Bauhaus chess set 'XVI', 1924
Josef Hartwig Bauhaus Dessau
32 pieces. H. 2-5 cm. Made at Bauhaus Dessau, c. 1930. Maple, partially stained dark.
In original walnut box. H. 6.1 x 13.4 x 13.7 cm. Marked: HARTWIG BAUHAUS DESSAU GES.GESCH. Provenance: Design dealer Germany, former family West Germany; the father of the original owner had acquired the chess set at Bauhaus Dessau during his training as handicraft teacher in Leipzig.
Hammer Price: 9,000 €
07. December 2021 at 3:00 PM MEZ CET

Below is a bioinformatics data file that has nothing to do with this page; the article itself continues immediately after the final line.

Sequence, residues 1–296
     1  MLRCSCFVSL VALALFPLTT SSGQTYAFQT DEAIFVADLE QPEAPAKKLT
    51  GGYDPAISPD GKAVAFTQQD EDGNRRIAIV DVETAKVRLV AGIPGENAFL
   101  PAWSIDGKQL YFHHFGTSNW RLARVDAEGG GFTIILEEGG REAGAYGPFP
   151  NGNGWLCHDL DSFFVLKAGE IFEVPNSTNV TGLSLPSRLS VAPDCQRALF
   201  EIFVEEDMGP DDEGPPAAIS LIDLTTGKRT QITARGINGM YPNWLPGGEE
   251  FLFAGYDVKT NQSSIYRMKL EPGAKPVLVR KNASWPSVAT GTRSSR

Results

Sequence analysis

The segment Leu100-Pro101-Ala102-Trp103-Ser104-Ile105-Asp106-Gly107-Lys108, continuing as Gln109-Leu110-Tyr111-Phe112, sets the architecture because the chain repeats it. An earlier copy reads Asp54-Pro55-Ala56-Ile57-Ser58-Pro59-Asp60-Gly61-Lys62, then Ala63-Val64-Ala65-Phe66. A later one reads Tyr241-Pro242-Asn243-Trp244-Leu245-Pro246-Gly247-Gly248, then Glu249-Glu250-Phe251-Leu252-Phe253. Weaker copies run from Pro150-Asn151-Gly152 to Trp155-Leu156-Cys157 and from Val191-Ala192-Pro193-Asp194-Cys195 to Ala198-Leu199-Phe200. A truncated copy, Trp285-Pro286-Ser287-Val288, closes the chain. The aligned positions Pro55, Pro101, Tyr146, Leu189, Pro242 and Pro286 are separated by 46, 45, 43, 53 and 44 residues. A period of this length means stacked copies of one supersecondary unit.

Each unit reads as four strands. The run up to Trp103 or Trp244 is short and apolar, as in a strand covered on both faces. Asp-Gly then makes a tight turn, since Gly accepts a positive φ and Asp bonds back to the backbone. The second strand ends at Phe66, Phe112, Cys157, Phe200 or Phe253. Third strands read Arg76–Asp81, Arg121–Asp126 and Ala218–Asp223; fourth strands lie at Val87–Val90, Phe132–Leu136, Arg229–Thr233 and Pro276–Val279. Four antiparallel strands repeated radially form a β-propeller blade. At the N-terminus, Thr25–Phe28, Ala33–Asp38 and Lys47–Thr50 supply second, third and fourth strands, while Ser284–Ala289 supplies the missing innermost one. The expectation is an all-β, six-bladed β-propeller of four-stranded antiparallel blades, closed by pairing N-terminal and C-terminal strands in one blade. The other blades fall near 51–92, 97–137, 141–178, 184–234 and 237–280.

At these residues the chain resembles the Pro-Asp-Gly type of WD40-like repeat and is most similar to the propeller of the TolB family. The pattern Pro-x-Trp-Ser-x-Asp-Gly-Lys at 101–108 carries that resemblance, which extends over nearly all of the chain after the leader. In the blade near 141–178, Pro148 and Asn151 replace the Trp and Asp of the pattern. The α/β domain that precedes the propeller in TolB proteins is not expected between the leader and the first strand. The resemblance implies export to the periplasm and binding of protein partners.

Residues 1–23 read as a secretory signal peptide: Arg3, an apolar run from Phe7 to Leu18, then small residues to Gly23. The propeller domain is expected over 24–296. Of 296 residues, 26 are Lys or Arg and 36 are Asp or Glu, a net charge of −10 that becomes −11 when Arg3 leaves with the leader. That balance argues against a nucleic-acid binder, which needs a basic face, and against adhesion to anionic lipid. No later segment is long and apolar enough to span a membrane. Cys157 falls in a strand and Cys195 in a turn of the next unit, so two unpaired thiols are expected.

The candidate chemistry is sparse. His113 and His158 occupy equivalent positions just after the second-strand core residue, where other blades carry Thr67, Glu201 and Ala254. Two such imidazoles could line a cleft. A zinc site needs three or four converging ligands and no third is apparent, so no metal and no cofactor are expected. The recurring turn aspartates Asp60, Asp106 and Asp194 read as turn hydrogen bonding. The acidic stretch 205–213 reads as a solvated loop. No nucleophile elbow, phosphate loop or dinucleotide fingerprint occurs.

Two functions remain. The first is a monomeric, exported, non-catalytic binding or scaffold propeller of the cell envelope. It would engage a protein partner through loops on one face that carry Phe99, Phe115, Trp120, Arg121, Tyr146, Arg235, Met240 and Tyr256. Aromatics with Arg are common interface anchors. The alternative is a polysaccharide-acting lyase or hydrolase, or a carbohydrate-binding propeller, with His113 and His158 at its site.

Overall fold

The chess set by Josef Hartwig is one of the most successful products designed at the Weimar Bauhaus. In 1922, the graduate of the Munich Academy, who worked from 1921 to 1925 as a foreman in the workshop for wood and sculpture at the Weimar Bauhaus, began to design a chess set that differs fundamentally from traditional forms. Hartwig designed the tokens from simple stereometric shapes, from cubes, cylinders and spheres. Initially, the figures were handcrafted, but the goal was industrial production. Hartwig himself explained the genesis of the forms in 1924: “Pawn and rook move at right angles to the edge of the board: expressed by the cube. The knight moves at right angles in a hook shape on four fields: four cubes combined at right angles. The bishop moves diagonally to the edge of the board: a cross cut from the cube. The king moves at right angles and diagonally: a small cube across a corner on a larger one. The queen, the most agile figure, consists of a cylinder and a ball. ”(The Bauhaus chess game by Josef Hartwig, p. 7) Bauhaus-Archiv Berlin Das Bauhaus-Schachspiel von Josef Hartwig, Berlin 2006, p. 19; Hahn, Experiment Bauhaus, Dessau 1988, p. 401; Bauhaus-Archiv, coll. cat., Berlin 1987, pp. 149-50, no. 288; Exh. cat. Bauhaus 7, Galerie am Sachsenplatz, Leipzig 1991, fig. p. 43, no. 134.
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